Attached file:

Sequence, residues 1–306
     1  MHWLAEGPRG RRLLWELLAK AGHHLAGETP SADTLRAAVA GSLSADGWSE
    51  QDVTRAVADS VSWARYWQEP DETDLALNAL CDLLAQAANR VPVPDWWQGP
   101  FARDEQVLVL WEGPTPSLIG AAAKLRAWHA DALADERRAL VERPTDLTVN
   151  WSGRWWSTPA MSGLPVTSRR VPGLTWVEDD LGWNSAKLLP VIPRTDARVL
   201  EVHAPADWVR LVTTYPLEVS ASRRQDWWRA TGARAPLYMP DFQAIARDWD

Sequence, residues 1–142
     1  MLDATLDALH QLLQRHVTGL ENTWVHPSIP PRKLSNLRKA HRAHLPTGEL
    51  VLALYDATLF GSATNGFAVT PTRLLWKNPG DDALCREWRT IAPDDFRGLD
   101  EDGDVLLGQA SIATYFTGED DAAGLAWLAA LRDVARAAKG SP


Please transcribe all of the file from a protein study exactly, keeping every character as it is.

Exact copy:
Sequence, residues 1–306
     1  MHWLAEGPRG RRLLWELLAK AGHHLAGETP SADTLRAAVA GSLSADGWSE
    51  QDVTRAVADS VSWARYWQEP DETDLALNAL CDLLAQAANR VPVPDWWQGP
   101  FARDEQVLVL WEGPTPSLIG AAAKLRAWHA DALADERRAL VERPTDLTVN
   151  WSGRWWSTPA MSGLPVTSRR VPGLTWVEDD LGWNSAKLLP VIPRTDARVL
   201  EVHAPADWVR LVTTYPLEVS ASRRQDWWRA TGARAPLYMP DFQAIARDWD

Sequence, residues 1–142
     1  MLDATLDALH QLLQRHVTGL ENTWVHPSIP PRKLSNLRKA HRAHLPTGEL
    51  VLALYDATLF GSATNGFAVT PTRLLWKNPG DDALCREWRT IAPDDFRGLD
   101  EDGDVLLGQA SIATYFTGED DAAGLAWLAA LRDVARAAKG SP